Ben Pakulski: Row to Grow!

BPak's tips for perfect form and a big back!
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Another awesome week of training in BPak Land. Killed back twice this week: One day is heavy rows and pull ups; the other day is very meticulous contraction and back to basics with deadlifts at the end of the workout.

I had been told to avoid deads last contest season for fear it might build my waist. I say bullshit! I’ve been deadlifting Mack trucks since I was 17 and always manage to get my waist smaller than 34 inches. The only time my waist grows is if I get lazy and don’t train my abs or overeat. Bottom line! SO….back to basics and make this back explode.

I have given special attention this year to using only perfect form on every thing I do. Bit of a shot to the ego when it comes to weights, but they have gone back up relatively quickly. What does perfect form mean? Ahhh the question every aspiring bodybuilding should be asking! (and likely is!) Perfect form is getting a muscle AS SHORT AS POSSIBLE! And conversely, as long as possible, although both are not always possible in the same exercise. This should be the basis for where every workout begins. HOW DO I GET A MUSCLE AS SHORT AS POSSIBLE?

First, what does that mean? And what does a fully shortened muscle look like for each and every body part? If you don’t know the answers to these questions, and you’re trying to build muscle, you’re wasting time. Now, that doesn’t mean that you’re not going to build ANY muscle (if you use the “shake weight” enough times you will eventually build some muscle). However, if you’re like most people I know, you value your life and don’t want to waste your time in the gym. Who wants to work hard and not building muscle effectively…right?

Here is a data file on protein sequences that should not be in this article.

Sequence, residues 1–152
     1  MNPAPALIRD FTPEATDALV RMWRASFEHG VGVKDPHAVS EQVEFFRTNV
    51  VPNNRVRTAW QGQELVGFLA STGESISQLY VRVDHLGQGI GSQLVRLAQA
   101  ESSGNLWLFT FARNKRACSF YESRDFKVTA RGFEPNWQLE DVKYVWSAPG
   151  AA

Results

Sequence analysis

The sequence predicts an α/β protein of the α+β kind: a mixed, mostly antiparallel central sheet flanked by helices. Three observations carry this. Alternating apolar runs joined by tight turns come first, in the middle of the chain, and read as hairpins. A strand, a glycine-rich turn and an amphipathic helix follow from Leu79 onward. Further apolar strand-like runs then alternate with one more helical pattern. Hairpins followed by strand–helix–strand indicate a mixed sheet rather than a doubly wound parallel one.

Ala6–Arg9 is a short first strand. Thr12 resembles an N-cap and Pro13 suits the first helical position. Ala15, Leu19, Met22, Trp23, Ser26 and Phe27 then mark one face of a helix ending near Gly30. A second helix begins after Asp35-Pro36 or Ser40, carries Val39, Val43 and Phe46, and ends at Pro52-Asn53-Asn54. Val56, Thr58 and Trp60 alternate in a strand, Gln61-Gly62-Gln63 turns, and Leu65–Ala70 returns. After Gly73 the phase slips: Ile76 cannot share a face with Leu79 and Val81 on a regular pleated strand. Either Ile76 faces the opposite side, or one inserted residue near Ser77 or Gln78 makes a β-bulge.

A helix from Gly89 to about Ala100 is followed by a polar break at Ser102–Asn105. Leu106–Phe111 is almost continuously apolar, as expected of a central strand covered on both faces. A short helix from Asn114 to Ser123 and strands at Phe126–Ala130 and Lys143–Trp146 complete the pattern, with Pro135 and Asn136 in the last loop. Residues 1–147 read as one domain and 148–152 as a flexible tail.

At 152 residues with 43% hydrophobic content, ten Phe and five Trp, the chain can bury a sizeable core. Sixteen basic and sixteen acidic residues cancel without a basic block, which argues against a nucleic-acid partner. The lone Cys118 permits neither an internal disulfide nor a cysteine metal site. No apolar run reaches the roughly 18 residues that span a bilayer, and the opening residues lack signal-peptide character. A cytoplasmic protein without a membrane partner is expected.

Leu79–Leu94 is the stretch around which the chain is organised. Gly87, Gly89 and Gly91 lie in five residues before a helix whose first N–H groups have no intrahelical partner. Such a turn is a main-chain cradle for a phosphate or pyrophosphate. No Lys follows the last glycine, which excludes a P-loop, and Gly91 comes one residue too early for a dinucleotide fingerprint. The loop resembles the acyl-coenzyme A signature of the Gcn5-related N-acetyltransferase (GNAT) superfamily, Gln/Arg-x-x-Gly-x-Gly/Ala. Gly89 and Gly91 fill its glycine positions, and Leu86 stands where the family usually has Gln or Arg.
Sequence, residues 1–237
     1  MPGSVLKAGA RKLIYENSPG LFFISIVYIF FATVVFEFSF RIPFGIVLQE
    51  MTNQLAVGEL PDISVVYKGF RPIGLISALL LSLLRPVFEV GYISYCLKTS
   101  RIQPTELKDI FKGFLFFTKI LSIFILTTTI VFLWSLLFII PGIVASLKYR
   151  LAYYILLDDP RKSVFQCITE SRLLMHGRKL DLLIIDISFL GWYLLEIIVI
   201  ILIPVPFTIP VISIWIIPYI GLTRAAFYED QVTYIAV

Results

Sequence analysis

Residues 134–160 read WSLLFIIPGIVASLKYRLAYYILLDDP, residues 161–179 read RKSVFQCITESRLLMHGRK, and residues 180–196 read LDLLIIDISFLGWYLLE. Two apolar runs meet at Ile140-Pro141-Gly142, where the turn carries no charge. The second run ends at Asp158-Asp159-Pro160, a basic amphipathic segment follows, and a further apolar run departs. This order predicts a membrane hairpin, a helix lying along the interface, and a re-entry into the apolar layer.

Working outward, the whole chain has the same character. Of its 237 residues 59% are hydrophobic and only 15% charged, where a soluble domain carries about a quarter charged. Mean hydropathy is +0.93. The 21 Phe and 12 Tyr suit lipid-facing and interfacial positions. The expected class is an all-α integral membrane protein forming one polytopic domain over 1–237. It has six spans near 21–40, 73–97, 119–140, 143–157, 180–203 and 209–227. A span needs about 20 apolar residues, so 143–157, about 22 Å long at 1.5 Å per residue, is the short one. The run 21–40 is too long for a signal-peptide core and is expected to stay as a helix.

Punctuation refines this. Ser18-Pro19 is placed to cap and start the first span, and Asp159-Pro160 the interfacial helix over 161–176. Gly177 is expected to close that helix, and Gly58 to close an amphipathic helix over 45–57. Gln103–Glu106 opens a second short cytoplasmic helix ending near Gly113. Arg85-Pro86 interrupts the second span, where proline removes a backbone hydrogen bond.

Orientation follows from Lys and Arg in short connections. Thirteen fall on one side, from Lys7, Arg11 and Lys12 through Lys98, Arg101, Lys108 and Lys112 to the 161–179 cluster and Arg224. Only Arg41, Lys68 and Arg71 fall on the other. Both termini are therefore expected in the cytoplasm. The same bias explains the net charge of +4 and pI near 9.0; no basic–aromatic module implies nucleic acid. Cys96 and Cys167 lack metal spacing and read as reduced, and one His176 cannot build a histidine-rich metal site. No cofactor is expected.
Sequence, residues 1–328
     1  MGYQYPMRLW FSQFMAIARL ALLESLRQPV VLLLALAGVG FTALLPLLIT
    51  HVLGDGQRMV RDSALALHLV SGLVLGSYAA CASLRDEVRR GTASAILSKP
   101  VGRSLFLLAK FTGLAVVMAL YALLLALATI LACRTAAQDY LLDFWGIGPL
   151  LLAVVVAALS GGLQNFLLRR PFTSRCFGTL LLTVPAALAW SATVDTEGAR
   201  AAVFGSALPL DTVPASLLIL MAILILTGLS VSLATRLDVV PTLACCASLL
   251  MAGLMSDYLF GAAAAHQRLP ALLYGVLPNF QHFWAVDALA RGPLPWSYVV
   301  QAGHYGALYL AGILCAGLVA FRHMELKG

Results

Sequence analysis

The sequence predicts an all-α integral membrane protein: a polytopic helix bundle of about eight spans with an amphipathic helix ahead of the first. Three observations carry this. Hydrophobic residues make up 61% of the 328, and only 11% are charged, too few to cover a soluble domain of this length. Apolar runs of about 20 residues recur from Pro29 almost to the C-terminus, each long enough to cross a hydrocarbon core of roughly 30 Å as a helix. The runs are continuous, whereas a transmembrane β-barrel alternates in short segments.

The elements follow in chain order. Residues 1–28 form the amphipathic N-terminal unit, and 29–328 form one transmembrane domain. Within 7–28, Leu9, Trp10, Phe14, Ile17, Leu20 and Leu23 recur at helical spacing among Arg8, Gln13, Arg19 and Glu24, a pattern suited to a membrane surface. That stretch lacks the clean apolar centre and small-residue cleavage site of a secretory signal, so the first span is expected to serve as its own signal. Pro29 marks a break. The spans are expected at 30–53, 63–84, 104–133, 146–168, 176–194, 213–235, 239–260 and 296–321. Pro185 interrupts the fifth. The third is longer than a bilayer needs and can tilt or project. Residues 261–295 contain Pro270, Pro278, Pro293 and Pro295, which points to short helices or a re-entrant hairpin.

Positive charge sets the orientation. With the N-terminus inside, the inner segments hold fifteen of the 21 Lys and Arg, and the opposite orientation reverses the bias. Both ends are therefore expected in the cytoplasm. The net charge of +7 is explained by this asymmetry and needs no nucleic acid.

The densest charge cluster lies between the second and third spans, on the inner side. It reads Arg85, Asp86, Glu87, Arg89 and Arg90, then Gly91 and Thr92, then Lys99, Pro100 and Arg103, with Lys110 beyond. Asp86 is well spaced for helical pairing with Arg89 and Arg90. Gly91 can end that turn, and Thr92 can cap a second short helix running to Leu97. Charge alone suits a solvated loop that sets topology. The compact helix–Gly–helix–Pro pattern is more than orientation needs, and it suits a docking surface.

Each week I will try to explain ONE exercise and what it means to fully shorten that muscle and HOW to do it! Since the theme for this week is BACK, here it goes for LATS…

The lats primary functions are to “adduct, extend and internally rotate the humerus.” Although there may be a few other functions in there, depending on specific fiber direction, these are the main ones we need to be concerned with. So, what does that mean? From the “anatomical position” (standing with arms at your sides, palms facing forward), it simply means: Bring your arm closer to your side, rotate the shoulder inward (so your palm is facing behind you), and extend your arm as far as possible behind you (without moving any other part of your body). TRY IT! See how it feels.

If you’re not getting close to this position in your workouts, you’re wasting time!
It doesn’t necessarily mean that you need to do exactly this position on every exercise. Some exercises are slightly different angles etc. But this should be the primary goal and on your mind when executing each and every set and rep.

My workout looked like this:
Reverse Grip Seated cable row 4x15 (180, 225, 225, 225lbs)
One arm dumbbell row 4x12(130, 140, 140,140)
Overhand barbell row 4x15(315)
Deadlift 4x20 (315 for 23 on first set, then 405lbs for 3 sets: 20, 17,17 reps) We kept the deads light cause I hadn’t deadlifted in almost 3 months.

If this exercise execution worked for you and you want to see the next one ASAP….. as soon as I see 50 comments and feedback on the blog, I’ll post the next one! I want to hear your feedback!

GROWTIME!!
BPak

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